Today America enters a new era. The country and the world just witnessed something remarkable – something unthinkable not 20 years ago. An African American will be president of a nation that until 1964 didn't even guarantee black citizens they could exercise their right to vote.
When Barack Hussein Obama was born in 1961, many public schools were segregated by race. There was no Civil Rights Act. A black man who traveled the country agitating for change might well find himself facing the business end of a shotgun, or swinging from a rope.
Today an African American is president-elect. That, by itself, is stunning. But the election Tuesday of Obama – 47-year-old son of a Kenyan father and a white mother – almost certainly marks a transformation in this country. His victory over Sen. John McCain of Arizona may well mark a time when, at last, the festering wounds of the 1960s and the Vietnam War finally are left in the past.
The so-called culture war that President Nixon launched – the idea that conservatives were “true” Americans and liberals were a gaggle of snobbish, socialist-leaning eggheads – was used repeatedly to cudgel Democrats and city-dwellers and nonwhite or non-Christian Americans.
This year, the Republican Party tried – again – to divide us into “real Americans” and “Democrats.”
In Greensboro, McCain's running mate Sarah Palin praised the “hard-working, very patriotic, very pro-America areas of this great nation.” Republican U.S. Rep. Robin Hayes told a rally in Concord, “Liberals hate real Americans that work and accomplish and achieve and believe in God.” Hayes lost his seat in Congress Tuesday to Democrat Larry Kissell. And McCain-Palin lost, too.
Obama's victory has – we fervently hope – buried that old division. Patriotism is not the sole possession of the Republican Party. Americans come in all colors, hometowns and political beliefs. Obama won, not with a divisive campaign, but by appealing to the voters' better instincts: For unity, for an end to partisanship, for change.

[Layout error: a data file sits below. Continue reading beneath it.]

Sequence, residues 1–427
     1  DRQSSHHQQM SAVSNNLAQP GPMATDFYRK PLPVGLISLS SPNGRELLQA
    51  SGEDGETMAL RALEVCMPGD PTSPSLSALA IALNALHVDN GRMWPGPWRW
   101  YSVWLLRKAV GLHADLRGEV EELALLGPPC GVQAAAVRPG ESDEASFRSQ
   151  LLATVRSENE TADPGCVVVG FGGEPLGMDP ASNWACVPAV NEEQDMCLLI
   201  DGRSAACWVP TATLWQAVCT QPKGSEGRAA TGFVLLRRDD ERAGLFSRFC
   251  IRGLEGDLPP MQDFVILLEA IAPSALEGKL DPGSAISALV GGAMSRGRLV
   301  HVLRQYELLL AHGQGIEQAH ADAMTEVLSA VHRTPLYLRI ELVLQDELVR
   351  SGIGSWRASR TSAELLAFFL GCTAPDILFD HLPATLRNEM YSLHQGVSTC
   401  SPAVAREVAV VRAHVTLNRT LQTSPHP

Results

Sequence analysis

Of course, it didn't hurt that the sitting president, George W. Bush, is about as unpopular as any president has ever been. Under Bush's watch the country launched the Iraq war based on a lie. He and his administration have flouted the law and the constitution. And the nation's economy sank into recession.
So McCain had a tough mission from the outset. He also faced the prospect of a large and enthusiastic turnout among black voters eager to vote for an African American.
But McCain decided to run hard to the right. He chose as running mate a first-term Alaska governor whose only other elected experience was as a council member and mayor of a town of 10,000. Republicans launched a disgraceful and divisive campaign of lies, aiming to mislead gullible people into thinking Obama is Muslim (he's Christian), a “socialist,” or even a “terrorist.”
McCain, in his concession, asked Americans to put aside partisan differences and work together. He's right, but a bit late to the party.
Obama faces a nation sharply divided, reeling under a sour economy and fighting in two countries. Speaking early this morning, he vowed to be a president for all of America, even people who voted against him. That's a major challenge. He will need all of his considerable intellect, skill at bridging differences and inspirational oratory to bring this country together.